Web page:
As previously indicated, we do not believe that our holding in Harff supports an inference that a fiduciary duty is owed to holders of convertible debentures. Nor are we persuaded by the reasoning in Green. In relying on an expectancy interest created by the conversion feature of the debenture, the Green court misperceives the type of interest required for the imposition of fiduciary duties under Delaware law. As this Court recently noted in Anadarko Petroleum Corp. v. Panhandle Eastern Corp., Del.Supr., 545 A.2d 1171 (1988) a mere expectancy interest does not create a fiduciary relationship. Before a fiduciary duty arises, an existing property right or equitable interest supporting such a duty must exist. The obvious example is stock ownership. Until the debenture is converted into stock the convertible debenture holder acquires no equitable interest, and remains a creditor of the corporation whose interests are protected by the contractual terms of the indenture.


Having determined that a convertible debenture holder does not have standing to bring a claim based on a breach of fiduciary duty, we next consider whether the Court of Chancery properly concluded that Simons failed to plead facts in her complaint sufficient to constitute the tort of fraud. In order to maintain a claim for fraud the plaintiff must allege that the defendant, with intent to deceive, misrepresented a known fact upon which the plaintiff reasonably relied to her detriment. See Harman v. Masoneilan Int'l, Inc., Del.Supr., 442 A.2d 487 (1982). See also Prosser and Keeton on Torts § 105, at 728 (Keeton 5th ed. 1984).

Although the word "fraud" does not appear in her complaint, Simons argues that a claim of fraud is supported by the complaint's reference to misstatements or omissions made in the 1983 prospectus relating to the sale of the debentures, and in the 1986 offering circular issued pursuant to the tender offer for Knoll's minority shares. These allegations, however, even if taken as true, fail to establish the necessary element of scienter, i.e., that Knoll made the statements with intent to deceive the debenture holders. These allegations also fail to establish that the debenture holders relied on these alleged misstatements to their detriment. The absence of these essential factual allegations is fatal to a fraud action. Accordingly, we hold that the Court of Chancery properly dismissed Simons' fraud claim.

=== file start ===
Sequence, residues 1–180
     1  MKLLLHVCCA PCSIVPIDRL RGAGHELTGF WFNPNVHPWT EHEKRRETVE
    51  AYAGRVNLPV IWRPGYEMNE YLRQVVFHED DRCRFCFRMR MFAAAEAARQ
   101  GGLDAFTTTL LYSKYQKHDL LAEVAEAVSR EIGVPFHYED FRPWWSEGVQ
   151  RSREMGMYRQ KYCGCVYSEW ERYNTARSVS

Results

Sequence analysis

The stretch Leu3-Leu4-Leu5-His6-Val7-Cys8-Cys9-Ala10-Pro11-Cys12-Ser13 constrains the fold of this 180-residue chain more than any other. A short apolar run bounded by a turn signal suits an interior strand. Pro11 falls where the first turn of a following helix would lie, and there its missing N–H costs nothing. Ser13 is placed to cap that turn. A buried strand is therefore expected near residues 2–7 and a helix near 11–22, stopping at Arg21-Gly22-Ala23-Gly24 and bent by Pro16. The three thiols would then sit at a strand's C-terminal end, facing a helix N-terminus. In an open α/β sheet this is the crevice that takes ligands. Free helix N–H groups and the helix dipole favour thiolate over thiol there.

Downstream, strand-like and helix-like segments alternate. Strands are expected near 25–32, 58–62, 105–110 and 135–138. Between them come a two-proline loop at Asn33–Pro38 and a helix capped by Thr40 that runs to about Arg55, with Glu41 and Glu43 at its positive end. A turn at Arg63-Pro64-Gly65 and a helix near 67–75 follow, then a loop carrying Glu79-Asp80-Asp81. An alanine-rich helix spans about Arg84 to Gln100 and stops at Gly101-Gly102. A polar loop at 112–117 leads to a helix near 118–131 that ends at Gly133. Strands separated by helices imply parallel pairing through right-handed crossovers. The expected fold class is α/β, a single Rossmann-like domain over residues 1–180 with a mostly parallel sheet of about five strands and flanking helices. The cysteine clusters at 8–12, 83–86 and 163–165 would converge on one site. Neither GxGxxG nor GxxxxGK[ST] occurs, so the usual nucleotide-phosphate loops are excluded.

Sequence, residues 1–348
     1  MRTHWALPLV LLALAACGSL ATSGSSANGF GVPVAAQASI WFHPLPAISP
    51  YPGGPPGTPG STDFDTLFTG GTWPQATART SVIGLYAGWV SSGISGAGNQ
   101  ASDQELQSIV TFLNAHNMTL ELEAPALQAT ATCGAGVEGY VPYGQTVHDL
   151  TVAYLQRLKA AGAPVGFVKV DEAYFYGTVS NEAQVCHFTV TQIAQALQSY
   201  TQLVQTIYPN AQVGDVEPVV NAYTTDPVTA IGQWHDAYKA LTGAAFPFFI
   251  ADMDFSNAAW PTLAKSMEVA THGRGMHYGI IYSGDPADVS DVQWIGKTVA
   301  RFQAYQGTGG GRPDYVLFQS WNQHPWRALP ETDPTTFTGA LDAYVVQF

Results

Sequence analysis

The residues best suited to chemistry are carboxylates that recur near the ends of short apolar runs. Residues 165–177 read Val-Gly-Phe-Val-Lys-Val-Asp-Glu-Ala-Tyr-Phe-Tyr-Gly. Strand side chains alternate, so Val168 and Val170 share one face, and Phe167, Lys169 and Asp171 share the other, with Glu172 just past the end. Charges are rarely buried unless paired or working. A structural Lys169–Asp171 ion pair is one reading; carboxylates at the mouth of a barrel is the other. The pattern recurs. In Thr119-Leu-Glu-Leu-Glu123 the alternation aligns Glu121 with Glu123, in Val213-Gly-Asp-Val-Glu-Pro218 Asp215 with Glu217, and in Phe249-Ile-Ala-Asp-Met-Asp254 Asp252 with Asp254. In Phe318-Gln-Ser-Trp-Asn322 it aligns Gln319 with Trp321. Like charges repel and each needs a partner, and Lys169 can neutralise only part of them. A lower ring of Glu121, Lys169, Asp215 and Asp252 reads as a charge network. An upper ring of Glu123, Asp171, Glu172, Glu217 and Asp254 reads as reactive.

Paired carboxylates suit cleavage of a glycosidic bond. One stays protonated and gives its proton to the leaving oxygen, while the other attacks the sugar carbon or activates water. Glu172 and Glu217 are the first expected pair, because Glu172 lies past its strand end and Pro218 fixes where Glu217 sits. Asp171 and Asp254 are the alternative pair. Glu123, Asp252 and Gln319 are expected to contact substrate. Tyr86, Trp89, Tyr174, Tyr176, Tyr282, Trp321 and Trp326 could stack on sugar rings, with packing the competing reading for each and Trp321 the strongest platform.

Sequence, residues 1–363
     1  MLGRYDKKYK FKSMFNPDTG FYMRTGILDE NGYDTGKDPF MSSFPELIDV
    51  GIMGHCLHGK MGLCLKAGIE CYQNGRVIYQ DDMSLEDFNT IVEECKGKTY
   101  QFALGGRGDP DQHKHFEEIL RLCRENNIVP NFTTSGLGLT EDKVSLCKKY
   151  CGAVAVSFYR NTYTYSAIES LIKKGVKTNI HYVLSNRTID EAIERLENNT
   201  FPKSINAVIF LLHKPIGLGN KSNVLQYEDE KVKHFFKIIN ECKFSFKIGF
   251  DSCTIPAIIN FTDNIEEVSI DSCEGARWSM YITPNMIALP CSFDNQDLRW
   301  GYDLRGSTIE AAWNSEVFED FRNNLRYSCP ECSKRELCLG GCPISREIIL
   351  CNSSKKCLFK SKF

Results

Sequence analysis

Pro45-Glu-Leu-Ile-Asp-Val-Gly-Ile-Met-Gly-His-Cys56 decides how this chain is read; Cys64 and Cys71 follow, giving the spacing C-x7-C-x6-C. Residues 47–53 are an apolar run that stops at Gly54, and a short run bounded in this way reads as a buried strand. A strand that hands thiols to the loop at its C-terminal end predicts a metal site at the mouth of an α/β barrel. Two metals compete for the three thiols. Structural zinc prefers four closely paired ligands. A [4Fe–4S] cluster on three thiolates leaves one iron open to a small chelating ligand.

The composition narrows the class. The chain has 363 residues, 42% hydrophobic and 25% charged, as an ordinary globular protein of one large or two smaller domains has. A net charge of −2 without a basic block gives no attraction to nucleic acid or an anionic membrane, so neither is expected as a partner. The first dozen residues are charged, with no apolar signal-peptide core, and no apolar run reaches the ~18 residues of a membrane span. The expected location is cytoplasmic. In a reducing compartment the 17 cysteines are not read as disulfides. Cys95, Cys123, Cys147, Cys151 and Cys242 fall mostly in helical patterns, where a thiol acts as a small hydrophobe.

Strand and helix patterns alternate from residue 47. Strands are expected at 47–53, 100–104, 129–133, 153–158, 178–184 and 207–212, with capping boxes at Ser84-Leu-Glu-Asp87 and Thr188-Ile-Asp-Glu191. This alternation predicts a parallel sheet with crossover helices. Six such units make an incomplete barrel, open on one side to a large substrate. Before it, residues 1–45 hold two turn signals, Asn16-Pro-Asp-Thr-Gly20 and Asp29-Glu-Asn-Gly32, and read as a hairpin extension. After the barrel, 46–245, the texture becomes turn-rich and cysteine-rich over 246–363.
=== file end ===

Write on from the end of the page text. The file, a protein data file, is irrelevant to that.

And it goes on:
We next consider whether the "no recourse" provision of the indenture operates to insulate all defendants except the issuing corporation from liability for breach of the indenture.[2] As the Chancellor *305 correctly noted, the "no recourse" provision found in Article 13 of the indenture is a standard provision that enjoys general acceptance. See Continential Illinois National Bank, slip op. at 13-14 (discussing the recognition and parameters of a "no recourse" provision). Cf. Harff v. Kerkorian, Del.Ch., 324 A.2d at 217 ("no recourse" provision as an absolute defense to actions by debenture holders against directors). See also 3A H. Schlagman, Fletcher Cyclopedia of the Law of Private Corporations § 1241.1 (perm. ed. 1986). The meaning of the "no recourse" provision is clear it extends broad immunity to stockholders, directors and officers of the issuing corporation. Accordingly, we agree with the Court of Chancery that since the "no recourse" provision of the indenture limits liability for breach of contract to Knoll, the issuing corporation, the motion to dismiss the contractual claim against the individual defendants must be granted.


Finally we consider the Court of Chancery's holding that Simon is precluded by section 8.08 of the indenture from bringing a claim for breach of indenture against the issuing corporation. Section 8.08 of the indenture provides in part:

No holder of any Debenture shall have any right to institute any action, suit or proceeding at law or in equity for the execution of any trust hereunder or for the appointment of a receiver or for any other remedy hereunder, unless (i) such holder previously shall have given to the Trustee written notice of the happening and continuing of one or more of the Events of Default herein specified, (ii) the holders of 35 percent in principal amount of the Debentures then outstanding shall have requested the Trustee in writing to take action in respect of the matter complained of, and shall have afforded to it a reasonable opportunity either to proceed to exercise the powers herein granted or to institute such action, suit or proceeding in its own name....